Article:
Carbon Capture and Storage Workshop, Texas A&M University in Qatar
  • ISSN: 2220-2765
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Combustion modes in gas turbines are evolving in order to meet requirements related to lower emissions and greater thermodynamic efficiency. Such demands can be contradictory and the additional complication of fuel flexibility comes to the fore with potential new fuel stream opportunities arising. The latter may include hydrogen and carbon monoxide rich streams as well as blends with significant amounts of carbon dioxide arising from certain types of syngas (e.g. bio-derived). The matter is further complicated by the impact of combustion stability related issues that arise in the context of the ubiquitous transition to lean pre-vapourised premixed (LPP) combustion for power generation applications. Post-combustion carbon capture is generally considered the leading candidate in the context of LPP based technologies. Significant capture related issues arise in terms of parasitic losses associated with CO  separation and transportation technologies (e.g. compression). The former is typically the major contributor and the relatively low concentration of CO  in flue gases, combined with excess oxygen resulting from LPP based operation, does impact separation technologies. It hence appears natural to consider the operating mode of the gas turbine and the impact of the fuel composition on the flue gas characteristics alongside the development of efficient and novel separation technologies.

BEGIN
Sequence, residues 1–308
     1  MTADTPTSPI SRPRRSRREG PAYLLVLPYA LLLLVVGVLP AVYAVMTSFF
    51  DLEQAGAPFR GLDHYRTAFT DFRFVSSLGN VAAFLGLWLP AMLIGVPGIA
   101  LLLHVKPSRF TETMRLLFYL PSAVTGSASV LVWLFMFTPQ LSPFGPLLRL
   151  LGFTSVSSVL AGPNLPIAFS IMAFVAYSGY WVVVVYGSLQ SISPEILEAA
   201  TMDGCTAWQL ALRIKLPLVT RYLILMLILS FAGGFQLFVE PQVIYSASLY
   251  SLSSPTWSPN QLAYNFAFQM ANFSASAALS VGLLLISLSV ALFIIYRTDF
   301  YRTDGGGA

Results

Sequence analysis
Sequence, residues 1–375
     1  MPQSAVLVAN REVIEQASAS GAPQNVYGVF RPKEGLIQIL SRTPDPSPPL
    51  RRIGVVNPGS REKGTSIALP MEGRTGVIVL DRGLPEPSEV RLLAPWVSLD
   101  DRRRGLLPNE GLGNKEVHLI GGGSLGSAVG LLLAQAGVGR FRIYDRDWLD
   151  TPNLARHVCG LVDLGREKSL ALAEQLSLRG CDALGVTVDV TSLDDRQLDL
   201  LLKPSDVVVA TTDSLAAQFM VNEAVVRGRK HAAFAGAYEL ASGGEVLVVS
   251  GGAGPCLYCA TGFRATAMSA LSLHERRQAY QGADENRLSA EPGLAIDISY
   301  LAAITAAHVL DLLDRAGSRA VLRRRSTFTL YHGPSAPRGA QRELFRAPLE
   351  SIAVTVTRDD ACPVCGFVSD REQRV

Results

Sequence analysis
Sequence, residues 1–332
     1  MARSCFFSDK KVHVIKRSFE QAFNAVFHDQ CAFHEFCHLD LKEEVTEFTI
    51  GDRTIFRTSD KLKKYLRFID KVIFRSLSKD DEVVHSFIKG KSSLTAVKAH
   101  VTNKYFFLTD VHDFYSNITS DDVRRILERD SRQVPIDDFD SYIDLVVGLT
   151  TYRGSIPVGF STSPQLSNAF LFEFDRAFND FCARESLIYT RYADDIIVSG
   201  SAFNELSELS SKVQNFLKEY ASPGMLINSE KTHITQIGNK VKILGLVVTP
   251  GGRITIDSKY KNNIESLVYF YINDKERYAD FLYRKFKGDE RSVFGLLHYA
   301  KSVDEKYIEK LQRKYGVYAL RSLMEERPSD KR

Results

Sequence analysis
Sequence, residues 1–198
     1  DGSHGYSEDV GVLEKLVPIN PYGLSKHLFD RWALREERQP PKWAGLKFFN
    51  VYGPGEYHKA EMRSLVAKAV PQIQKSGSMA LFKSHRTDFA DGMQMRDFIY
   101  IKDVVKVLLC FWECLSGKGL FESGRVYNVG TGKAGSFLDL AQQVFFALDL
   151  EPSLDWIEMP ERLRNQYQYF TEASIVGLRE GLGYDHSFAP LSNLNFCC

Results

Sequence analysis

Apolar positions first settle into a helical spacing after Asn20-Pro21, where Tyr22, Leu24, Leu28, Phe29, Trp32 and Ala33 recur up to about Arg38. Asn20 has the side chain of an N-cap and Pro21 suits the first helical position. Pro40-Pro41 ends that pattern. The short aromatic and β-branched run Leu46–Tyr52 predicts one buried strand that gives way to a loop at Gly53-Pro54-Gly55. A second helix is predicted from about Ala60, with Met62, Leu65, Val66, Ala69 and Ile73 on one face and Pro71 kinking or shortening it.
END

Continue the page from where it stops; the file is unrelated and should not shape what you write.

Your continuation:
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  • Article Type: Review Article
Keyword(s): CCSCO 2 separationCombustion modes and Gas turbines
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